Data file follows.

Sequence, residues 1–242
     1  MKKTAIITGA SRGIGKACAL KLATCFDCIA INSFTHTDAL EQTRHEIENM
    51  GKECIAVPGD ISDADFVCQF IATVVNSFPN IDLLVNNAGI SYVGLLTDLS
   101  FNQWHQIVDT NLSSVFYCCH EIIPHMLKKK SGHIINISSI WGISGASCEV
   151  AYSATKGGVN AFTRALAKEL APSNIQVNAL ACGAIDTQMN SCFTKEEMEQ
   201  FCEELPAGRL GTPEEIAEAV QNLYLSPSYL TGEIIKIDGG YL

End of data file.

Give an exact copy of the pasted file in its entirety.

Sequence, residues 1–242
     1  MKKTAIITGA SRGIGKACAL KLATCFDCIA INSFTHTDAL EQTRHEIENM
    51  GKECIAVPGD ISDADFVCQF IATVVNSFPN IDLLVNNAGI SYVGLLTDLS
   101  FNQWHQIVDT NLSSVFYCCH EIIPHMLKKK SGHIINISSI WGISGASCEV
   151  AYSATKGGVN AFTRALAKEL APSNIQVNAL ACGAIDTQMN SCFTKEEMEQ
   201  FCEELPAGRL GTPEEIAEAV QNLYLSPSYL TGEIIKIDGG YL